Current Reviews


Supergirl & the Legion of Super-Heroes #18

Posted: Saturday, May 27, 2006
By: Ray Tate

for Supergirl Fans

for Legion Fans

Writer: Mark Waid
Artists: Alex DeKraker(p), Mick Gray(i), Nathan Eyring(c)
Publisher: DC

Feh. Supergirl features prominently on the Legion of Super-Heroes' cover, but she doesn't really do much that's super. Her scene with the presto-chango flight-ring offers a degree of Kara cuteness, but the book relies upon too much inadequately explained continuity and plot inanities.

We start the book off with "darker strata" where "even the wealthiest societies need a place to put their trash." This seems so unnecessary and contrived. Given all the technology at society's disposal, Metropolis still doesn't recycle, and they still can't transform their trash into elementary particles--as they do on Star Trek. This "darker strata" serves merely to hide a robot uprising, which came from the former residents of Metropolis "banishing datasouls of every AI robot on the planet to an electrochemical dimension." First "AI robot" is redundant. Second, the whole "datasouls" thing sounds like warmed over Morrison, and third, why in heavens name didn't somebody just take a refrigerator magnet to the robots and erase their "datasouls?" The police and the Legion when fighting the bots have no ethical problem when destroying the bots. So a respect for AI life and "datasouls" doesn't really enter into the discussion.

The book cuts to Brainiac Five talking to Imskians and unloading a great gob of continuity. Bear with me. The Coulans--Brainiac's race--enslaved the Imskians--Shrinking Violet's race. Why not use nanites? Got me. Brainiac, I guess, has now hired the Imskians to do precision work on somebody called Lemnos. What's a Lemnos? I don't really know. Apparently Lemnos reduced "every Coulan" to a Bush-level of mathematical comprehension.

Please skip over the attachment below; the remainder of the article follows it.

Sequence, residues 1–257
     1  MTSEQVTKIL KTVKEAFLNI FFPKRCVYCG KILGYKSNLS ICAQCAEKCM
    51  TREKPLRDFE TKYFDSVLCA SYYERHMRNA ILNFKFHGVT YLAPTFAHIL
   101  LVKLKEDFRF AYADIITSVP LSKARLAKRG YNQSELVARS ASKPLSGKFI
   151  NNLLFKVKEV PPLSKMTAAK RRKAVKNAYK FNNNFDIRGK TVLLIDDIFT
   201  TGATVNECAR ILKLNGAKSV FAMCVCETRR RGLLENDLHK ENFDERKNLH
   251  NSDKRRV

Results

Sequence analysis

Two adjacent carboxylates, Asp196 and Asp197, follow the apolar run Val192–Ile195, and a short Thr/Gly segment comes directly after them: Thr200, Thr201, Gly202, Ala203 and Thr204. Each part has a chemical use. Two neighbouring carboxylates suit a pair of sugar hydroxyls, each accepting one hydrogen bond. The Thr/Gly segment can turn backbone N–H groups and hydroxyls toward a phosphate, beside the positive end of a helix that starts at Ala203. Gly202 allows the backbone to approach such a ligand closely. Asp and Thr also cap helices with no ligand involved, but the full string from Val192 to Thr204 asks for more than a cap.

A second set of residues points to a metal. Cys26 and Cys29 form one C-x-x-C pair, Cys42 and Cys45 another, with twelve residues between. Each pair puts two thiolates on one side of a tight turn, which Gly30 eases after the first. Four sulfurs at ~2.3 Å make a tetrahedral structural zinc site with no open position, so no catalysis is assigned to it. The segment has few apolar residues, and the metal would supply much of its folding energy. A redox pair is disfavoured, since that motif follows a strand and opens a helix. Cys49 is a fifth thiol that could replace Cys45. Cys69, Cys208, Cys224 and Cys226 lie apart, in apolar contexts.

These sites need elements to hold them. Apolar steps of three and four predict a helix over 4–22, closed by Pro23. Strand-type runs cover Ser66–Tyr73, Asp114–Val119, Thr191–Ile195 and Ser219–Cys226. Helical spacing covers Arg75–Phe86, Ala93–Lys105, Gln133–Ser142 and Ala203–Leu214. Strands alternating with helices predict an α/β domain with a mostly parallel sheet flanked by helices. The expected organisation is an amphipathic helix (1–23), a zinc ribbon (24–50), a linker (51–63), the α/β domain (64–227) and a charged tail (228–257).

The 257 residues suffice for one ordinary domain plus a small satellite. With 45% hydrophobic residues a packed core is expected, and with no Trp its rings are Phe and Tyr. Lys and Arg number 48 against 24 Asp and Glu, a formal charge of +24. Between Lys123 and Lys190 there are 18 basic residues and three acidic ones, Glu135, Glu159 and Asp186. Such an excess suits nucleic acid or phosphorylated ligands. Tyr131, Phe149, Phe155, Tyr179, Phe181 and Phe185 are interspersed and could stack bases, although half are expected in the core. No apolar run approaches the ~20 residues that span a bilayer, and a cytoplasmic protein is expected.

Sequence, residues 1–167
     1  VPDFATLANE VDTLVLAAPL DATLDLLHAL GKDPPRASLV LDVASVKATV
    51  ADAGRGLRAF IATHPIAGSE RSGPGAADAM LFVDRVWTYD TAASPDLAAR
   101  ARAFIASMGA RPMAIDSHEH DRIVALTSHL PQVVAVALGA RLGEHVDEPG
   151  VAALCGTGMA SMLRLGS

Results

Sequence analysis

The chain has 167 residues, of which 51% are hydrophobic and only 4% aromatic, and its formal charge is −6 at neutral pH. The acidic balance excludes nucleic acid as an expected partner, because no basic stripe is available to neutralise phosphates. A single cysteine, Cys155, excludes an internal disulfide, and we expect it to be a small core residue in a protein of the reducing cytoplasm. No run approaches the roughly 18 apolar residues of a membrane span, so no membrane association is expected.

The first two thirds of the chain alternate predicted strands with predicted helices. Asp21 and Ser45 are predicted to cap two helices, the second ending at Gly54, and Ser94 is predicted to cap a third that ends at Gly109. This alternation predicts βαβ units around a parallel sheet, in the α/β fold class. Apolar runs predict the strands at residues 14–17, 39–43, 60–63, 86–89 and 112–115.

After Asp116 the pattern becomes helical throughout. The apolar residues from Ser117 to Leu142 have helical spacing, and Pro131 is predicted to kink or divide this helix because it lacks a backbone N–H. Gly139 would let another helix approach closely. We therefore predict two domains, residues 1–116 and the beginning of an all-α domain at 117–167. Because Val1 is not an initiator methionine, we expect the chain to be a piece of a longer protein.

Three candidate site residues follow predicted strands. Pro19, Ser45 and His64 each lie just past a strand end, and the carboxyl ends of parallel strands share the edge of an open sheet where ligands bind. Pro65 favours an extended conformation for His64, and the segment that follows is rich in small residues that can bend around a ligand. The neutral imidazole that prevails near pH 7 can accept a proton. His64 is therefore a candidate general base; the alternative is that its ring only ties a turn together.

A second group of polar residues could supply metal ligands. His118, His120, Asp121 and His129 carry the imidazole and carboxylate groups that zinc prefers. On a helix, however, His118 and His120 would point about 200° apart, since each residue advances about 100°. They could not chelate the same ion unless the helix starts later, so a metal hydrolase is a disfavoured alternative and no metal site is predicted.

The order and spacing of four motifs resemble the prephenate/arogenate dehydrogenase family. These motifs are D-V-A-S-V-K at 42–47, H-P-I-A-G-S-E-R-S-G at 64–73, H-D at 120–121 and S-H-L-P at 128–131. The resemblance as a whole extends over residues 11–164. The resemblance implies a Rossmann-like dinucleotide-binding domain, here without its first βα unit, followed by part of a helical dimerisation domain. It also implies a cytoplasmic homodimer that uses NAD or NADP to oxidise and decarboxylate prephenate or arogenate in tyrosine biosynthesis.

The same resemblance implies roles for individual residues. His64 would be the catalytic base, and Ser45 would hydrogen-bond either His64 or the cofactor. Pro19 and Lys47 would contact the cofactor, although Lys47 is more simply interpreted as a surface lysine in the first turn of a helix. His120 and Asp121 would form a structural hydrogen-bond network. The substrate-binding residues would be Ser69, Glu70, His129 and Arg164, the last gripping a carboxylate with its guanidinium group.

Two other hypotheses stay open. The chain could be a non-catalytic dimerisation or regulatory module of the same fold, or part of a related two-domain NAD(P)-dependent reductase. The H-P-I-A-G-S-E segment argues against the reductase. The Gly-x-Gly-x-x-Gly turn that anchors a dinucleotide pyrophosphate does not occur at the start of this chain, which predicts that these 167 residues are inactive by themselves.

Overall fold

Timber Wolf shows up and hands Brainy a box. This may have something to do with Brainy keeping Dream Girl, apparently dead, "frozen" in a tube. Brainy intends to revive her. Now, this I applaud. Everybody else in the book thinks he's nuts for doing this, but this is a scientist using advanced technology to reverse the damage done. Can we get Babs Gordon a vacation to the future?

The next scene confuses with yet another Conehead, the first being the "nu" Martian Manhunter. "Beldar," a high mucky-muck of Dream Girl's planet, calls the Legion to demand the body of Dream Girl. Now, does anybody besides reviewers consider the effect a conical shaped head or headdress has? I mean how can anybody illustrate or direct illustration of such characters without thinking "We come from France. Neps! Neps!"

Speaking of design, Phantom Girl now apparently has become black or middle-eastern. All well and good, but that doesn't explain why the symbol on her chest resembles either a poorly drawn blimp or a poorly drawn sex toy. Beside her stands Soul-Patch Lad, just a bad choice really, and it's a wonder that Lightning Lad hasn't killed everybody since he's now always emitting electricity. What if he wants to become intimate with Saturn Girl? Can he turn off while being turned on?

After this curious scene, we get another that I'm guessing originates from ICk. Supergirl and a handful of other super-heroes including....Bumblebee? You're kidding me. Bumblebee? Mal Duncan's girlfriend in spaaaaaaaaaace! Any way Supergirl and a handful of super-heroes flail about in space. This scene turns out to be a memory Saturn Girl dredged up from the Girl of Steel.

The presence of Supergirl offers a reprieve. She's the only Legionnaire who has a sense of fun--the previously mentioned flight ring scene--and the only one who actually does something productive--fighting the previously mentioned robots. The others finally buy a vowel once they see Supergirl in action, but their reasoning for trailing the Maid of Might really lacks conviction. The Legion almost act like a bunch of snarky, sitcom teens who have been thrown into a Supergirl book and don't know what to do.

Barry Kitson ducks out for this issue, but he's ably replaced by Adam DeKraker. DeKraker provides maniacal moments for Brainiac Five, acrobatics for Timber Wolf and makes the previously mentioned flight ring scene exemplary in timing and cuteness. It's much in the spirit of Romana's regeneration scene from Doctor Who.

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